Debt-to-GDP ratio remains manageable — DoF

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By Diego Gabriel C.Robles

Amid concerns over the Philippines’ bloated debt, Finance Secretary Benjamin E. Diokno has said the debt-to-gross domestic product (GDP) ratio is “not the only criterion that matters” to assess health economy.

Diokno told reporters that the country’s debt-to-GDP ratio, which stood at 63.5% at the end of March, is still manageable.

He made the statement after sharing Bloomberg’s Sovereign Debt Vulnerability Ranking, which included countries with a lower debt-to-GDP ratio than the Philippines, such as Nigeria (37.4%), Tur(43.7%) and Mexico (58.4%).

The Philippines was not on the list of 25 countries with the highest risk of default this year.

The head of the Department of Finance (DoF) said macroeconomic fundamentals, demographic prosIfThe resilience and quality of political institutions must also be considered in assessing the health of an economy.

“Fiscal and monetary authorities control. The debt-to-GDP ratio is manageable. The banking system is sound and more than adequately capitalized; [nonperforming loans]who [are] low, continues to decline. The banking sector has [built] in enough buffers,” Diokno said.

Economic managers aim to reduce the debt-to-GDP ratio to 61.8% by the end of the year. The debt-to-GDP ratio is expected to decline steadily to 61.3% by next year and reach 52.5% by 2028.

Diokno also noted that the country’s economic outlook is “bright” and that the external sector remains robust.

“[Our] gross international reserves [are] more than enough and there is a steady structural inflow of foreign currency [from] OFW remittances, BPO receipts, [and] increase in exports,” he added.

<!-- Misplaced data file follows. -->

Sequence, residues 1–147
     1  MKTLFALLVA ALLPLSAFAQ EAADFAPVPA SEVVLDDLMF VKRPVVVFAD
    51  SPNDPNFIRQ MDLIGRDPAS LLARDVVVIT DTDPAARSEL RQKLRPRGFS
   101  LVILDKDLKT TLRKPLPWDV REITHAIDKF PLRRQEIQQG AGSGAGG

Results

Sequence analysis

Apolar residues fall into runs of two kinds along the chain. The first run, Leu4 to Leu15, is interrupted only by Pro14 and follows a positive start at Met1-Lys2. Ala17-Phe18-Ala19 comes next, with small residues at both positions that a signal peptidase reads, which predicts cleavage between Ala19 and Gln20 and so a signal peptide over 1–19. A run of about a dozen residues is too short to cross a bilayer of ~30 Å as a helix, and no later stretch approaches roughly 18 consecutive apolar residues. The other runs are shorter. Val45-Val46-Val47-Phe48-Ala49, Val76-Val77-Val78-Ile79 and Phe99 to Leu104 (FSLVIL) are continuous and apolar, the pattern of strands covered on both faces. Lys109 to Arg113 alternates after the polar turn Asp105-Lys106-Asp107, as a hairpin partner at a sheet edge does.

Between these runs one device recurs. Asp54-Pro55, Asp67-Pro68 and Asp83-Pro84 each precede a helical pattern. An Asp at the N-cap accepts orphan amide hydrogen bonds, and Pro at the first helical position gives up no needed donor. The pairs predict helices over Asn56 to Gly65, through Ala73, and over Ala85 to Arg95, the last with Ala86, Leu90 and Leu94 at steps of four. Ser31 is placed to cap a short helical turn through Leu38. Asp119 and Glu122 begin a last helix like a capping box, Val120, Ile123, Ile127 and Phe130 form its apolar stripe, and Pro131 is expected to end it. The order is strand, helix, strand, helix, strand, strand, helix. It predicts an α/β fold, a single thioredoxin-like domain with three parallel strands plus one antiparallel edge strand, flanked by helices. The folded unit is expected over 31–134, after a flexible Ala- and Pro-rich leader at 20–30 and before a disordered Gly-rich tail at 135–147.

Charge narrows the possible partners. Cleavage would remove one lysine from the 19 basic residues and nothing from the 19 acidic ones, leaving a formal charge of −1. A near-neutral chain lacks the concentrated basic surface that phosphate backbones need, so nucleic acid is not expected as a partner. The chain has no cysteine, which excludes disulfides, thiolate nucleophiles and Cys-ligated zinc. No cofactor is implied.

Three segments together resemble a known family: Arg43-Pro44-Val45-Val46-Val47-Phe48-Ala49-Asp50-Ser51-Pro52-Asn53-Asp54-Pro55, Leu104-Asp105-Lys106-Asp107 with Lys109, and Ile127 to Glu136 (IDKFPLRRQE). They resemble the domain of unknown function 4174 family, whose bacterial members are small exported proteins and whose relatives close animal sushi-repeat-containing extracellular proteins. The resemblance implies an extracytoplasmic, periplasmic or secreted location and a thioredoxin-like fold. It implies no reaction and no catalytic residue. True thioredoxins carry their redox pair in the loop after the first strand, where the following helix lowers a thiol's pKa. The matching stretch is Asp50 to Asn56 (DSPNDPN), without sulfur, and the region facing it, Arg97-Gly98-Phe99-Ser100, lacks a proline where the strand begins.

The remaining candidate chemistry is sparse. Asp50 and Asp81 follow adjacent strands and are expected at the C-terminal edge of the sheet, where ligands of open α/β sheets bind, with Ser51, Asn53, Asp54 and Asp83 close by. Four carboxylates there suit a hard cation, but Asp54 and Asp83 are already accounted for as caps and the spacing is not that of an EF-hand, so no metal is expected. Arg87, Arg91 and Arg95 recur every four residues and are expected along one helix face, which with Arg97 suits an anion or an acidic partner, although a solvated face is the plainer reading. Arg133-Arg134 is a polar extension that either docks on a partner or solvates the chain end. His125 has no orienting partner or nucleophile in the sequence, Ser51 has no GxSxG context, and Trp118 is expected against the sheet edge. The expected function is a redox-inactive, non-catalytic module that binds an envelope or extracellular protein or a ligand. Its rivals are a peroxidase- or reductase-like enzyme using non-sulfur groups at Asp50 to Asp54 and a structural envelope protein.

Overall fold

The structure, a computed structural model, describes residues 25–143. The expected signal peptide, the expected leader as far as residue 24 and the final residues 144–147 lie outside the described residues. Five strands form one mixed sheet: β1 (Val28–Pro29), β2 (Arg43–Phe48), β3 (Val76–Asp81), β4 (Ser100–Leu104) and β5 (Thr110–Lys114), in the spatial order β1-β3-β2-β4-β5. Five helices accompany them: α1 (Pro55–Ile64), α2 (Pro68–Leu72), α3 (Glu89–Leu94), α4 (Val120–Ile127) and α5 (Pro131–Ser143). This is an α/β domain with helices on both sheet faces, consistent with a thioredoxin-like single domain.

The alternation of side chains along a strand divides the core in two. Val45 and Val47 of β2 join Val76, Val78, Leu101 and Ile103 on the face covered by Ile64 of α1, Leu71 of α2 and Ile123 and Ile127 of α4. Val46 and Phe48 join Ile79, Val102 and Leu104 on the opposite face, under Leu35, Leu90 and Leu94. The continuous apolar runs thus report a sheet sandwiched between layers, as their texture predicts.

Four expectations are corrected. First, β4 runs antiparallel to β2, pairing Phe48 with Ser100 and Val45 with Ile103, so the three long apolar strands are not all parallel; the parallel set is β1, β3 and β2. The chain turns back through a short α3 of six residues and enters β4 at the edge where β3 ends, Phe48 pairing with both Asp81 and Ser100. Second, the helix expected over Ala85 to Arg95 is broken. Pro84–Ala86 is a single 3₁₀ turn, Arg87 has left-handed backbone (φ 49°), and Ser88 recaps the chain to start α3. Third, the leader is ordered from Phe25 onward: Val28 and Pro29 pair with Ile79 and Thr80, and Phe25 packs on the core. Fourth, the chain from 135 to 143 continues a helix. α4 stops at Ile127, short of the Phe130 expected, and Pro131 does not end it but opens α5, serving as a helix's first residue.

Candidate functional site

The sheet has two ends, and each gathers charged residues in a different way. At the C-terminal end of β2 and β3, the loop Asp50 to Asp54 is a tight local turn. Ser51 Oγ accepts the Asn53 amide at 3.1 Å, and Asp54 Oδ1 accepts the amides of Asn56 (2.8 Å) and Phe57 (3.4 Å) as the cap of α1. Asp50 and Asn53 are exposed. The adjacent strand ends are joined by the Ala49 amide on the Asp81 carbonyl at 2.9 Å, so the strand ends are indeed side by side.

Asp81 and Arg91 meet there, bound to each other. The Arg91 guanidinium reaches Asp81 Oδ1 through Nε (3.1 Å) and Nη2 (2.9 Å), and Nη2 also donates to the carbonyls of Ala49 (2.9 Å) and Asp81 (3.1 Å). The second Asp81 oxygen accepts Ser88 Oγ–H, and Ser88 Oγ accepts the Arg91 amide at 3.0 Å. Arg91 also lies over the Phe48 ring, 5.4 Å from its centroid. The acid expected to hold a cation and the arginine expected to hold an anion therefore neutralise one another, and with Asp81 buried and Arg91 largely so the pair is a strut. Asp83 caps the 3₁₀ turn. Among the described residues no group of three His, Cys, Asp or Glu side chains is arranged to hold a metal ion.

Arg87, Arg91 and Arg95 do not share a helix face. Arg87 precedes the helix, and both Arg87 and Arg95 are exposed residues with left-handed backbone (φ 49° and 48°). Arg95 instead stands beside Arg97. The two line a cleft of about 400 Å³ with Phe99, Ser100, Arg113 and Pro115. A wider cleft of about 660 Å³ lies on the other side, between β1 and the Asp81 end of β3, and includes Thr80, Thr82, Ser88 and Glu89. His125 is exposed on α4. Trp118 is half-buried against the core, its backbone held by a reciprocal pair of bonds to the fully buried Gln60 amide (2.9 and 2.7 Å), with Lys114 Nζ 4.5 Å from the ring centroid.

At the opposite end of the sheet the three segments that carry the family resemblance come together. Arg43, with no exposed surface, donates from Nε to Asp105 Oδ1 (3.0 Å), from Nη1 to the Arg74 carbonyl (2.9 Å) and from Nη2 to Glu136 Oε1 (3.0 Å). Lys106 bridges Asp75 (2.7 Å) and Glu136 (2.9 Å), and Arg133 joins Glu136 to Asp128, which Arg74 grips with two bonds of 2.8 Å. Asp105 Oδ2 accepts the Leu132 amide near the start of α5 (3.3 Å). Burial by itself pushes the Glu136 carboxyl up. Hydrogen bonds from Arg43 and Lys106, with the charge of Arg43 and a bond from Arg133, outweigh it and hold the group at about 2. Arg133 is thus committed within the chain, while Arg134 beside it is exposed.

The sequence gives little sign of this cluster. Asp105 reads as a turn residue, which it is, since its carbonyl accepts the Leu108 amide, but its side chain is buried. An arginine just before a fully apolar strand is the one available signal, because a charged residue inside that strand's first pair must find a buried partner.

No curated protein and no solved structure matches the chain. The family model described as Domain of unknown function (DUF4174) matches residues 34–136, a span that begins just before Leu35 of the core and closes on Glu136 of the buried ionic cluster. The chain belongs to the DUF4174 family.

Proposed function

Preliminary BSP data showed the country’s gross international reserves stood at $101.983 billion at the end of June, down 3.5 percent from the record high of $105.762 billion recorded in June 2021.

Remittances from Filipino Overseas Workers (OFW) jumped 3.9% in April to $2.395 billion.

Meanwhile, exports rose 6.2% year on year to $6.310 billion in May but were offfixed by imports which increased by 31.4% per year to reach 11.989 billion dollars.

The Development Budget Coordinating Committee (DBCC) kept this year’s export growth target at 7%, but raised the import growth target to 18% from 15% previously.

The economy is expected to grow 6.5-7.5% this year and 6.5-8% per year from 2023 to 2028.

DEBT LEVELS
The national debt can return to pre-pandemic levels if there is faster growth, favorable interest rate conditions and a longer time horizon, said a researcher from the Philippine Institute for development (PIDS).

“If we assume that GDP growth, the real interest rate and the exchange rate are fixed and constant, then the only major variable over which the government has control is the primary balance,” said John Paul Corpus, research specialist overseeing the PIDS, on a PIDS webinar on Thursday.

The primary balance is the difference between a government’s revenues and its non-interest expenditures.

“The government needs to improve its primary balance, either by reducing primary spending, increasing revenue, or a combination of the two,” he said.